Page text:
Untitled (https://0.30000000000000004.com/)

50 bookmarks. First posted by mootcycle october 2017.

Your language isn't broken, it's doing floating point math. Computers can only natively store integers, so they need some way of representing decimal numbers. This representation comes with

programming
2 days ago by bjcubsfan

Handy web page that explains the issue of floating point numbers, as it relates to different programming languages.

programming
2 days ago by davep

RT @emax: oh wow, this should have been obvious but shows how much living in a binary world can be unpredictable >

from twitter
3 days ago by noii

how is this real how did this happen what did you do enom what did you do there are no letters there are no words

math
3 days ago by yizhexu

Your language isn't broken, it's doing floating point math. Computers can only natively store integers, so they need some way of representing decimal numbers. This representation comes with some degree of inaccuracy. That's why, more often than not, .1 + .2 != .3.

Why does this happen?

It's actually rather interesting. When you have a base 10 system (like ours), it can only express fractions that use a prime factor of the base. The prime factors of 10 are 2 and 5. So 1/2, 1/4, 1/5, 1/8, and 1/10 can all be expressed cleanly because the denominators all use prime factors of 10. In contrast, 1/3, 1/6, and 1/7 are all repeating decimals because their denominators use a prime factor of 3 or 7. In binary (or base 2), the only prime factor is 2. So you can only express fractions cleanly which only contain 2 as a prime factor. In binary, 1/2, 1/4, 1/8 would all be expressed cleanly as decimals. While, 1/5 or 1/10 would be repeating decimals. So 0.1 and 0.2 (1/10 and 1/5) while clean decimals in a base 10 system, are repeating decimals in the base 2 system the computer is operating in. When you do math on these repeating decimals, you end up with leftovers which carry over when you convert the computer's base 2 (binary) number into a more human readable base 10 number.

https://news.ycombinator.com/item?id=21686264

math
binary
Why does this happen?

It's actually rather interesting. When you have a base 10 system (like ours), it can only express fractions that use a prime factor of the base. The prime factors of 10 are 2 and 5. So 1/2, 1/4, 1/5, 1/8, and 1/10 can all be expressed cleanly because the denominators all use prime factors of 10. In contrast, 1/3, 1/6, and 1/7 are all repeating decimals because their denominators use a prime factor of 3 or 7. In binary (or base 2), the only prime factor is 2. So you can only express fractions cleanly which only contain 2 as a prime factor. In binary, 1/2, 1/4, 1/8 would all be expressed cleanly as decimals. While, 1/5 or 1/10 would be repeating decimals. So 0.1 and 0.2 (1/10 and 1/5) while clean decimals in a base 10 system, are repeating decimals in the base 2 system the computer is operating in. When you do math on these repeating decimals, you end up with leftovers which carry over when you convert the computer's base 2 (binary) number into a more human readable base 10 number.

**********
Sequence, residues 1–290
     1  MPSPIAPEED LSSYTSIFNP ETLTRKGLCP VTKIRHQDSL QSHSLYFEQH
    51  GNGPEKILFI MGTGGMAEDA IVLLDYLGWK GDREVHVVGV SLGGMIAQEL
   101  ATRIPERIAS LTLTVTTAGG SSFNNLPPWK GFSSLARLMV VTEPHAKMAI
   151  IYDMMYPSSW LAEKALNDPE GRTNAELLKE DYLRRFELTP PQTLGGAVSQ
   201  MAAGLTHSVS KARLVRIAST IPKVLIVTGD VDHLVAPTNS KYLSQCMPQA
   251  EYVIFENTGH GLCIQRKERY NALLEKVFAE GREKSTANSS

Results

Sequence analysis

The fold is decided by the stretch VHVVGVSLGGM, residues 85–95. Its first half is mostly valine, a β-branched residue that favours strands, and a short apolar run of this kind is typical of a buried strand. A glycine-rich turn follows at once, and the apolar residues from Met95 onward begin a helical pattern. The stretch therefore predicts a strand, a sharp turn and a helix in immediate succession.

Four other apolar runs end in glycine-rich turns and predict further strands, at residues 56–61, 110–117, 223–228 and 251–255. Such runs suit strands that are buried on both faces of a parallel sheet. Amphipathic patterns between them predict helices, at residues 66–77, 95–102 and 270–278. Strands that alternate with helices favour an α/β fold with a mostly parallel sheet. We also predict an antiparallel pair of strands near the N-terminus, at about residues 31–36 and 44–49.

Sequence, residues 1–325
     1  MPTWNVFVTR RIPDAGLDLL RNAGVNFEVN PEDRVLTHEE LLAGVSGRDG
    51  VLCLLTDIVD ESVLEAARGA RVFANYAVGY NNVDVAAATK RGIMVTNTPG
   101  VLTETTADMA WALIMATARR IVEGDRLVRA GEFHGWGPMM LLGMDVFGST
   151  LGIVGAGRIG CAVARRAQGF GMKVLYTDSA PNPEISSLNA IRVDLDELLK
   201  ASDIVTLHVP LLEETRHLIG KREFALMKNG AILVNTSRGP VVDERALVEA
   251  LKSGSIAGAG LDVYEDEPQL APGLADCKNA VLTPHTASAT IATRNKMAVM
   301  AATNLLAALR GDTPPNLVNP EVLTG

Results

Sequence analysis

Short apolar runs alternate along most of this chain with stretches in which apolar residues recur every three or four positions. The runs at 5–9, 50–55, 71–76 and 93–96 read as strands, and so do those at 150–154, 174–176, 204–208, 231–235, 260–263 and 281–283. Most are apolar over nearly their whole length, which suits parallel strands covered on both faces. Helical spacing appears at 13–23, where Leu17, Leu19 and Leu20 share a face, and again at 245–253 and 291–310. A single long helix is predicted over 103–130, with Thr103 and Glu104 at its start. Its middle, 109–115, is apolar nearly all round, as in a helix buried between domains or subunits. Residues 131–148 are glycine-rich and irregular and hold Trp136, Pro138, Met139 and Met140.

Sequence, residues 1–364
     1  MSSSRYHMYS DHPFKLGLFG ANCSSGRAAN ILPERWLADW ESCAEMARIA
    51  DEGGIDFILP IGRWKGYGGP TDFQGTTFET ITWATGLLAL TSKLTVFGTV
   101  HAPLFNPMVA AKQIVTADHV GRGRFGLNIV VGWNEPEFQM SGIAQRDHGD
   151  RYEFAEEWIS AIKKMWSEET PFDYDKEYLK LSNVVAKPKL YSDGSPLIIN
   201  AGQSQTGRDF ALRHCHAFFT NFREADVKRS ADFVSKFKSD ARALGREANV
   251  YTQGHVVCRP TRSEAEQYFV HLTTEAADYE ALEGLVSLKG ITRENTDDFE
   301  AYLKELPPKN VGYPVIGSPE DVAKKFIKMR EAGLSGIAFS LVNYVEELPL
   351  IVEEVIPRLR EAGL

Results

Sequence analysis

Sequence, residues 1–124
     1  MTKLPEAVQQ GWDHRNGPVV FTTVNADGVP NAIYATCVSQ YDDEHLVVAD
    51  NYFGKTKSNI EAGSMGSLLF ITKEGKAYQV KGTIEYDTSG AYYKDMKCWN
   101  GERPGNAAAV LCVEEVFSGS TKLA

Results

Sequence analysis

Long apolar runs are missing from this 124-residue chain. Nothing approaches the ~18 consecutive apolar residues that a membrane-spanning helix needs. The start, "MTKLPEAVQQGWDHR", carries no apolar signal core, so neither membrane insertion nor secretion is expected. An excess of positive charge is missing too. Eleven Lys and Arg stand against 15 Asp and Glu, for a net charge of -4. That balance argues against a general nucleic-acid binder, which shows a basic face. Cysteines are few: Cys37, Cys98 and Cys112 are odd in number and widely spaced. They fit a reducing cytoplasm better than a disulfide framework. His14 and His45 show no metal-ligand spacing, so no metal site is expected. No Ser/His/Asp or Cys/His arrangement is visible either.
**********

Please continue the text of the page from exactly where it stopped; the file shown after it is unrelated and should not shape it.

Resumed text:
https://news.ycombinator.com/item?id=21686264

3 days ago by danwin

Your language isn't broken, it's doing floating point math. Computers can only natively store integers, so they need some way of representing decimal numbers. This representation comes with some degree of inaccuracy. That's why, more often than not, .1 + .2 != .3.

programming
mathematics
3 days ago by Chirael

RT @rauschma: If anyone complains about JavaScript being weird, because 0.1 + 0.3 !== 0.4, send them to this website:

from twitter_favs
may 2019 by amitkaps

RT @rauschma: If anyone complains about JavaScript being weird, because 0.1 + 0.3 !== 0.4, send them to this website:

from twitter_favs
may 2019 by rtanglao

Your language isn't broken, it's doing floating point math. Computers can only natively store integers, so they need some way of representing decimal numbers. This representation comes with some degree of inaccuracy. That's why, more often than not, .1 + .2 != .3.

mathematics
programming
error
may 2019 by mark.larios

If anyone complains about JavaScript being weird, because 0.1 + 0.3 !== 0.4, send them to this website:

from twitter_favs
may 2019 by matthewbeta

If anyone complains about JavaScript being weird, because 0.1 + 0.3 !== 0.4, send them to this website:

from twitter_favs
may 2019 by akalin

If anyone complains about JavaScript being weird, because 0.1 + 0.3 !== 0.4, send them to this website:

from twitter_favs
may 2019 by mehulkar

RT @dakami: how is this real how did this happen what did you do enom what did you do there are no letters there are no words

from twitter
october 2017 by mlp

how is this real how did this happen what did you do enom what did you do there are no letters there are no words

from twitter_favs
october 2017 by mootcycle

tags

binary compsci decimal dev development error everynumber float floating-point-numbers floating-point floating floatingpoint floatingpointmath floating_point floatpoint fun humor ieee754 interesting javascript learning math mathematics number point precision progamming programming python reference software tools tutorial via:popular workflow